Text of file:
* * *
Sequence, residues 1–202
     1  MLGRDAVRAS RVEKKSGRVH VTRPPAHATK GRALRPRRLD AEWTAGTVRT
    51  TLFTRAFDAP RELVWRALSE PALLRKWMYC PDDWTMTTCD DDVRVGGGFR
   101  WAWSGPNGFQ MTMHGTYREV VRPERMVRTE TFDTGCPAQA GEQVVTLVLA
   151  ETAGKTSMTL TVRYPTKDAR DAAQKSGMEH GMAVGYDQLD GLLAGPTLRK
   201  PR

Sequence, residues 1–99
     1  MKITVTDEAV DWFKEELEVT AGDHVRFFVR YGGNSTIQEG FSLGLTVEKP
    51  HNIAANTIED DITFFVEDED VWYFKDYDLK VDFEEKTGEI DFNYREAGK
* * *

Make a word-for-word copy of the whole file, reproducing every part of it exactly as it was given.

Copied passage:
Sequence, residues 1–202
     1  MLGRDAVRAS RVEKKSGRVH VTRPPAHATK GRALRPRRLD AEWTAGTVRT
    51  TLFTRAFDAP RELVWRALSE PALLRKWMYC PDDWTMTTCD DDVRVGGGFR
   101  WAWSGPNGFQ MTMHGTYREV VRPERMVRTE TFDTGCPAQA GEQVVTLVLA
   151  ETAGKTSMTL TVRYPTKDAR DAAQKSGMEH GMAVGYDQLD GLLAGPTLRK
   201  PR

Sequence, residues 1–99
     1  MKITVTDEAV DWFKEELEVT AGDHVRFFVR YGGNSTIQEG FSLGLTVEKP
    51  HNIAANTIED DITFFVEDED VWYFKDYDLK VDFEEKTGEI DFNYREAGK